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JKhedrup wrote:I wasgoing to say in a month or two when I have another laptop and software reinstalled I would take another crack at it. But honestly I have other challenges at the moment and sectarianism is something I find very upsetting. So once things are up and running I will start on the Vinaya texts rather than Pabongkhapa, people's minds are made up anyway. Faith scares me, though, when it involves a refusal to be objective because of affiliation. It really scares me.
Everytime this can of worms is opened it makes me feel a little depressed actually. So many sad issues are connected to this whole mess, and people are so invested they put their discernment aside.
conebeckham wrote:Caz wrote:conebeckham wrote:So, is there anything that could possibly be in any of Phabongkha's writings that would lead you to believe that he was sectarian, short of explicit instructions to others to actually destroy monasteries, or worse? Or are these "polemics" as you term them merely specific instructions, skillful means geared towards individuals only?
Yes nothing short of direct commands to destroy monasteries and worse and even then I would still view him purely :.
On reflection, I've decided not to spend any further time weeding through the pages in an attempt to translate his sectarian statements and advice. They are there, I can assure you, but there's ample evidence, even in this thread, that any such statements can be defended by Pahabongkha's supporters--though I have to say that Caz's statement is more extreme than many would care to endorse. Such is the case in Tibetan politics and society--the "religious" affirmation is trotted out to support acts of power, often retrospectively......and so it goes, even into the 21st Century, and even into Western society and culture, and by an organization (NKT) that proposes to be non-(or even anti-) political and "trans-Tibetan." The irony is immense!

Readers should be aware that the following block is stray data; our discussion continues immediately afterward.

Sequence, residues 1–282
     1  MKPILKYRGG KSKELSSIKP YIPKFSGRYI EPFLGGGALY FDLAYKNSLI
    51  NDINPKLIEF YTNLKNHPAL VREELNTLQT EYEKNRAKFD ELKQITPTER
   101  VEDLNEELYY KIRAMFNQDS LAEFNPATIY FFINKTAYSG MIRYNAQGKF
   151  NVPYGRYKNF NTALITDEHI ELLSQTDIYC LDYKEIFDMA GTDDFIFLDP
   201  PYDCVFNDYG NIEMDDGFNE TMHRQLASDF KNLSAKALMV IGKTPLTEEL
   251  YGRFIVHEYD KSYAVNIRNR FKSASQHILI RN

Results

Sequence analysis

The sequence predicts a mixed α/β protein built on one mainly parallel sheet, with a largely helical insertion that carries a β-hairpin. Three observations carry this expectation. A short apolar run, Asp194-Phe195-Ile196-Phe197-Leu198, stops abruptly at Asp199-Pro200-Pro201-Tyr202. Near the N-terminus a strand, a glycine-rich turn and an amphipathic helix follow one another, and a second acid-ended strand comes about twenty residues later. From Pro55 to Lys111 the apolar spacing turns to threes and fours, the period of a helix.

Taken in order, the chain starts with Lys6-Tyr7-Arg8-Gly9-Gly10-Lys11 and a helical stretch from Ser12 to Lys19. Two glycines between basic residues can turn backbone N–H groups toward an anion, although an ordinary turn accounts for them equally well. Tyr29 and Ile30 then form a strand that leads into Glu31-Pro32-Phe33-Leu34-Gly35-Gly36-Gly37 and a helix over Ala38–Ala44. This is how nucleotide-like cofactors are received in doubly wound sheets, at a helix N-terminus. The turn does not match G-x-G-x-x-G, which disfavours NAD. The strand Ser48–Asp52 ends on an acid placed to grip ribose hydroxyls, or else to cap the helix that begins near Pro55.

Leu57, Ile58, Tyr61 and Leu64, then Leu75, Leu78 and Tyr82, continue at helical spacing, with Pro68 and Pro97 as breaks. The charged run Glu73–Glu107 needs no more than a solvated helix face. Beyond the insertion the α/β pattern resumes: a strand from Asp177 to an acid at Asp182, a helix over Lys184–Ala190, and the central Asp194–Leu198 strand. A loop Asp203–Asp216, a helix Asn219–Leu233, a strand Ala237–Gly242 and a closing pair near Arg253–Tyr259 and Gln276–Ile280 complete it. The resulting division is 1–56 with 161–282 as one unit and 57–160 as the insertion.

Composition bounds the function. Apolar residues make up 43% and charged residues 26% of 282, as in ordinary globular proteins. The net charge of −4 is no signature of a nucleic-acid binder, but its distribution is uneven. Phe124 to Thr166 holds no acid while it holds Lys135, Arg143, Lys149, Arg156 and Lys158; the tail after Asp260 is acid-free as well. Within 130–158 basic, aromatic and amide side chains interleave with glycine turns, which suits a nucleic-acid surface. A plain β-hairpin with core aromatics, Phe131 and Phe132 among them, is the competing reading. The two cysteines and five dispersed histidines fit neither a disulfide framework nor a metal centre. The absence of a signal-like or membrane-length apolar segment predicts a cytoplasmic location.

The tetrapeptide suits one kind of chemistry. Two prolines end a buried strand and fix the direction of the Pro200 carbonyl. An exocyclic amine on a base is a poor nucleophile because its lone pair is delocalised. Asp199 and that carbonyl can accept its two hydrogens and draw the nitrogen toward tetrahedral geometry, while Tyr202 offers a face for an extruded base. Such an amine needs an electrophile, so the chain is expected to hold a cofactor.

There is no limit to the things we will believe.
Jikan wrote:conebeckham wrote:So, is there anything that could possibly be in any of Phabongkha's writings that would lead you to believe that he was sectarian, short of explicit instructions to others to actually destroy monasteries, or worse? Or are these "polemics" as you term them merely specific instructions, skillful means geared towards individuals only?
David N. Kay, in the book Tibetan Buddhism and Zen in Britain, claims that Pabonka's sectarianism was extraordinarily severe, and came in response to the Rime movement. Specifically, Kay claims Pabonka advocated the destruction of artifacts associated with Guru Rinpoche, and that such relics were destroyed, to cite one instance.
JKhedrup wrote:Point taken, but I am not looking down on the intelligence of people, rather I mentioned them putting their discernment aside. Many of the people I have encountered who make this choice are more intelligent than I am, this is why I find it disappointing. It is not an attitude unique to our tradition either-I have seen this attitude amongst Kagyus and Nyingmas and also in Thailand and Taiwan.
As for the 5th, just be open to researching and knowing the history. I am not a huge fan of rnam grol lag bcangs but Phabongkhapa's texts connected with Chittamani Tara are profoundly beautiful an some of my favourites. But I don't wilfully close my eyes.
Perhaps having lived in monasteries in India during this conflict and seeing friends being impacted, and being impacted directly myself, all the misinformation perpetuated connected with this, as well as the real toll on y teachers and on HH, has made me more emotionally involved than should be the case.
However, I want people to be empowered with a little Tibetan so they can have informed opinions. That is really my only agenda in this thread. And if I can learn Tibetan, anyone can.
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